Conservatives are winning hands down on welfare. The bishops in the House of Lords led a successful rebellion against the totemic £26,000 benefits cap—their aim was to prevent child benefit from being limited along with other welfare payments. But the government may force the cap through the Lords anyway. Labour and the Lib Dems are quiescent. Jobless, and poor people more generally, rarely vote, making them politically, as well as economically, marginal. The recession has not made people in work feel more generous to those out of work.
The sense that people should “pull their socks up” has a long history. The Tudor Poor Law put the able-bodied poor to work. Those able but unwilling to work could be sent to a House of Correction or prison. The Christian concept of “stewardship,” a responsibility to work productively as best we can, meant that idleness and begging were seen as worthy of punishment.
The Victorians were harsher still. The able-bodied were put to work in circumstances so unpleasant only those without alternatives would seek support. The workhouse divided husbands from wives, parents from children. Supper at the Huddersfield Workhouse always consisted of flour or oatmeal, boiled in “old milk.”
The 20th century changed all that, starting with the Liberal government’s 1906-14 welfare reforms. In 1914, 14m free school meals were served. A quarter of secondary schools places were free. Probation replaced prison for some young offenders. An additional £10 per child tax allowance was created. Pensions were introduced for the elderly—although at a low level to encourage saving. Job centres were created, and the National Insurance Act offered 26 weeks’ sickness and 15 weeks’ unemployment insurance to those who paid in.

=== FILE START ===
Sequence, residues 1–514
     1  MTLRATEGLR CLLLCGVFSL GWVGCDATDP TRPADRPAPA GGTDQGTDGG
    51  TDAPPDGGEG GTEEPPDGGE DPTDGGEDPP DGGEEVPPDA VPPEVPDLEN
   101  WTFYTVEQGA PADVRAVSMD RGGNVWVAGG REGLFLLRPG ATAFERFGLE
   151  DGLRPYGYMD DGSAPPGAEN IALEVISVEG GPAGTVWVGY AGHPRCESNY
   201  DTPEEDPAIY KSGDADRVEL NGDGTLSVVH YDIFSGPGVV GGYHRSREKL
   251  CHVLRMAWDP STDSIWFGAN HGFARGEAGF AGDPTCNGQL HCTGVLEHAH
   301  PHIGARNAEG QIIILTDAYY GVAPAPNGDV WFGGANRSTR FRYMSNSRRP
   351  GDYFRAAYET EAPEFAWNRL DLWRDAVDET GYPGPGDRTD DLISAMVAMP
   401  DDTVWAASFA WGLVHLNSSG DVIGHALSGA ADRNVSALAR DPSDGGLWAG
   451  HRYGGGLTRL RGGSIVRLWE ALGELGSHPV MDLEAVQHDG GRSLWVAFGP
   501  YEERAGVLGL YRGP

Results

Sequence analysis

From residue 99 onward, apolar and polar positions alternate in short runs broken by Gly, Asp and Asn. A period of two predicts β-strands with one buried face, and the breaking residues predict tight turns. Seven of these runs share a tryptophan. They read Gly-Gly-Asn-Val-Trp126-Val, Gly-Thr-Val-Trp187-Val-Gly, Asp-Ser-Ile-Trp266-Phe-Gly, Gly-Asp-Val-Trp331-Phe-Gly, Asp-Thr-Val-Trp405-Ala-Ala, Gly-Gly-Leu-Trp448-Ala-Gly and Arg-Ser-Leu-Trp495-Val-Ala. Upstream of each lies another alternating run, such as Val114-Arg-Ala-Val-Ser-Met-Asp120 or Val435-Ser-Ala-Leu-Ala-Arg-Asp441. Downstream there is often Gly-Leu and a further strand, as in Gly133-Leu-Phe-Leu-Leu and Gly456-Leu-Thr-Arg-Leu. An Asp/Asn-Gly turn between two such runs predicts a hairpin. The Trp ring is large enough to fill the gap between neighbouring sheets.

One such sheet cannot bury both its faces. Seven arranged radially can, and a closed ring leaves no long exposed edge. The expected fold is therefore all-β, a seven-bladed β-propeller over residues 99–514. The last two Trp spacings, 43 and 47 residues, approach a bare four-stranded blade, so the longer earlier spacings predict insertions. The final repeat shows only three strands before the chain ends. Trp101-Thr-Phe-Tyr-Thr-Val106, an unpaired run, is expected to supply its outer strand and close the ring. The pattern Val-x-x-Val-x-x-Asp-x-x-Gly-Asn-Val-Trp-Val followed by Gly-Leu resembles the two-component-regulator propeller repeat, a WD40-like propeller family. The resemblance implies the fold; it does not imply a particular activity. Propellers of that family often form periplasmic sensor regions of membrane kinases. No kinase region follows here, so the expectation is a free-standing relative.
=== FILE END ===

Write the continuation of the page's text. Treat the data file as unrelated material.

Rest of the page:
The 1945 Labour government built on these reforms to create a welfare state that offered a safety net “from cradle to grave,” creating a sense of “social security” to complement the traditional security maintained by diplomacy and military means. The government was to vanquish the five “giant evils” of “Want, Disease, Ignorance, Squalor and Idleness.” Idleness was still seen as a legitimate enemy, but it was government that would conquer it through Keynesian economics. Individual unemployment was now viewed as bad luck, not fecklessness.
The model was based on the nuclear family, with a working husband who provided for his wife and children. Firms often had marriage bars, requiring women to give up work after their wedding. Most women who…